Tynan D’Arcy has been appointed to undertake Yardley London’s future design projects, including pointof- sale and marketing materials. The brands, which are owned by Lornamead Group but recently broke away to manage themselves under the name Yardley London, appointed Fresh Trends Design in February following a three-way creative unpaid pitch.
Lornamead’s in-house design for the Yardley London line is set to launch along with the Woods of Windsor rebrand in September. Fresh Trends Design has created a new identity, packaging and point-of-sale material for Woods of Windsor’s men’s and women’s lines.
Yardley London briefed the consultancy to emphasise Woods of Windsor’s heritage as a brand that used plants found in England’s historic gardens to create its products. ’Woods of Windsor is being positioned as an aspirational range of luxury bath, body and home products, so we have reintroduced some of the brand properties that disappeared with the last rebrand, and put an illustration of Windsor Castle in the identity,’ says Yardley London marketing manager Karen Cullen.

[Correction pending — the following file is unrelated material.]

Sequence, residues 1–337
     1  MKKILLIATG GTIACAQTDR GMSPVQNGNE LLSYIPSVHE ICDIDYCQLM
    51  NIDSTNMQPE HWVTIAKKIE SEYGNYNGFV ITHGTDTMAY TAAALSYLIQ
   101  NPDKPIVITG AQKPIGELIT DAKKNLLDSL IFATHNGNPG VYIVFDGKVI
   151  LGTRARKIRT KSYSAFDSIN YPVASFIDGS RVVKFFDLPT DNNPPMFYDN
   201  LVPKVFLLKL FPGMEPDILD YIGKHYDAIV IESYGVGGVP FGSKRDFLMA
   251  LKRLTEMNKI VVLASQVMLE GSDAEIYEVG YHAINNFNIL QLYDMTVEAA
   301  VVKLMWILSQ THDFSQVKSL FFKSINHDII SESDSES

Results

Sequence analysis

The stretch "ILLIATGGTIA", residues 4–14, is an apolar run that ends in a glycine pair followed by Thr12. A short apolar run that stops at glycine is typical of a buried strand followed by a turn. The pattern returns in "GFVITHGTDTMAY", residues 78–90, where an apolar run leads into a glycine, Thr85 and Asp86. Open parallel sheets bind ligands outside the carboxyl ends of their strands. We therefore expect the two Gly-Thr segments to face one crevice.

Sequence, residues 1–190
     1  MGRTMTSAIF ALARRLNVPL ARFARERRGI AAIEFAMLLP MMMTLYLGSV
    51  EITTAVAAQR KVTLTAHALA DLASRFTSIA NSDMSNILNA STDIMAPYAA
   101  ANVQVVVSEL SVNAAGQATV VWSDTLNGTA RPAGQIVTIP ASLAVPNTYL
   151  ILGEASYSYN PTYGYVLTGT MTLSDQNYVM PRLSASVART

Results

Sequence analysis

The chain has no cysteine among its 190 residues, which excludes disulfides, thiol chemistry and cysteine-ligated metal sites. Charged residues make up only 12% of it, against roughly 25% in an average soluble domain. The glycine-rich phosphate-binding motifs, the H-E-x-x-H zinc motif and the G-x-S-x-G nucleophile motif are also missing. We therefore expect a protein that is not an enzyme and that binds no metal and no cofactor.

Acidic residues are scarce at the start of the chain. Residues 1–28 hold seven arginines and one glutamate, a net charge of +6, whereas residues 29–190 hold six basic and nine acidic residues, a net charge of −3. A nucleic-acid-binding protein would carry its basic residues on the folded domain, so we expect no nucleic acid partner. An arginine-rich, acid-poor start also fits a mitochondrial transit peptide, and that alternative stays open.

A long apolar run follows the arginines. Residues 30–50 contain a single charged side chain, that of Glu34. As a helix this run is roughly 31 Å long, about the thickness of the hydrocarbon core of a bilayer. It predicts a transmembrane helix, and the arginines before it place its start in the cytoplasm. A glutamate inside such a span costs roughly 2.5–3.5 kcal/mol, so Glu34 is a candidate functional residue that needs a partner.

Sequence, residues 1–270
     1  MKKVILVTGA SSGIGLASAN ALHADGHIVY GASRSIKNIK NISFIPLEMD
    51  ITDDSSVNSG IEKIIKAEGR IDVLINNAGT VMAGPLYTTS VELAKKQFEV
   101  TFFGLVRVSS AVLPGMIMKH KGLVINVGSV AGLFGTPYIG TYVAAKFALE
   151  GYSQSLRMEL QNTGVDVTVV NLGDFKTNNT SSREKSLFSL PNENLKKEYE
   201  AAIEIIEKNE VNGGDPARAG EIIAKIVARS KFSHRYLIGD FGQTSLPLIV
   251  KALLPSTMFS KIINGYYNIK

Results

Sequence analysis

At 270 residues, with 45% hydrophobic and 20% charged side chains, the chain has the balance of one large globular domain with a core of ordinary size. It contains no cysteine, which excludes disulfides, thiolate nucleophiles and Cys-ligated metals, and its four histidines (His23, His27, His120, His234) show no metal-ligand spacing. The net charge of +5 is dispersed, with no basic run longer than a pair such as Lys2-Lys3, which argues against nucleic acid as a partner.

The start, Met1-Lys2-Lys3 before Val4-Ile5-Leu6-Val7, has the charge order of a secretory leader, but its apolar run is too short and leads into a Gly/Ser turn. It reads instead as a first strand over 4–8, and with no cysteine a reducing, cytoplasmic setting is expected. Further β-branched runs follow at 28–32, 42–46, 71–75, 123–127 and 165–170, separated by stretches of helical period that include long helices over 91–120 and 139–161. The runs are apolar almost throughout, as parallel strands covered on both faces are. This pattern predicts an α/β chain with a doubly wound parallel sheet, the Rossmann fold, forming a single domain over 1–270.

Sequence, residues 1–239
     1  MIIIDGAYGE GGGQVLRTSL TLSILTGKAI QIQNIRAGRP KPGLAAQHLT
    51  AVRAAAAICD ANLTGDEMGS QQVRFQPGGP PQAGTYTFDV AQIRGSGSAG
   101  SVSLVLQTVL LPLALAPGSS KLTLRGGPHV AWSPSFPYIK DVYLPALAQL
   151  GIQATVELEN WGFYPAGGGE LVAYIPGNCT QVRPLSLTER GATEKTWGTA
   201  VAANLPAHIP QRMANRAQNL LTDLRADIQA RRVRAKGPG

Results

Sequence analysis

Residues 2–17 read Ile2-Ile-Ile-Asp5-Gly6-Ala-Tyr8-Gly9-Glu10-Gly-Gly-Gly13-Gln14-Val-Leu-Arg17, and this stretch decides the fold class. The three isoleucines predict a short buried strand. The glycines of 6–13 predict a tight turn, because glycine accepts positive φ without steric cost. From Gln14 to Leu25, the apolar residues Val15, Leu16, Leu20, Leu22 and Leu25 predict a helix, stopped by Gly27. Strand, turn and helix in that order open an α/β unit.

The consultancy created four botanical illustrations depicting rose, lavender, lily of the valley and white jasmine, which have been applied across the brand’s range of eau de toilette, shower and bath products, moisturisers, drawer sachets and room sprays. Fragrance brand Yardley London’s revamp will ditch pastel shades in favour of stronger, bolder colours and sees the brand’s royal warrants enlarged on the packaging.
The names of the different fragrances, which used to be enmeshed in the logo, have been separated. Yardley London awarded Tynan D’Arcy theYardley design brief in April, after the Windsorbased group approached Yardley speculatively regarding the Woods of Windsor brand, which was already mid-tender.
- Officially founded in 1770, fragrance house Yardley London is believed actually to have been formed up to 150 years earlier, having received a concession by Charles I to manufacture lavender soap
- Woods of Windsor was established in 1971 after Roger and Kathleen Knowles bought a chemist’s in Windsor called Woods and found old apothecary and perfume recipes in the attic